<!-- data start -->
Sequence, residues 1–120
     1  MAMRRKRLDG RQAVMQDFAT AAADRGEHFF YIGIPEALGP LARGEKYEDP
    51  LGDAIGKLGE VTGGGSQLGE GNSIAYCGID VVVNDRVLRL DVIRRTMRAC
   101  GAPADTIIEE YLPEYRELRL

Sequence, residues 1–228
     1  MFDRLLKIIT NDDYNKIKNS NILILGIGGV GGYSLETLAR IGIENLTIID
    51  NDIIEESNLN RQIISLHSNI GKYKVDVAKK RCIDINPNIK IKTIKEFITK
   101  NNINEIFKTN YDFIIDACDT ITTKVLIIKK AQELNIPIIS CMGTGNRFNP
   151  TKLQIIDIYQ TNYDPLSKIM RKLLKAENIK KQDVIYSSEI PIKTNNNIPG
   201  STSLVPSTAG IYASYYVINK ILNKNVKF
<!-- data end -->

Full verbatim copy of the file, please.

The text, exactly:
Sequence, residues 1–120
     1  MAMRRKRLDG RQAVMQDFAT AAADRGEHFF YIGIPEALGP LARGEKYEDP
    51  LGDAIGKLGE VTGGGSQLGE GNSIAYCGID VVVNDRVLRL DVIRRTMRAC
   101  GAPADTIIEE YLPEYRELRL

Sequence, residues 1–228
     1  MFDRLLKIIT NDDYNKIKNS NILILGIGGV GGYSLETLAR IGIENLTIID
    51  NDIIEESNLN RQIISLHSNI GKYKVDVAKK RCIDINPNIK IKTIKEFITK
   101  NNINEIFKTN YDFIIDACDT ITTKVLIIKK AQELNIPIIS CMGTGNRFNP
   151  TKLQIIDIYQ TNYDPLSKIM RKLLKAENIK KQDVIYSSEI PIKTNNNIPG
   201  STSLVPSTAG IYASYYVINK ILNKNVKF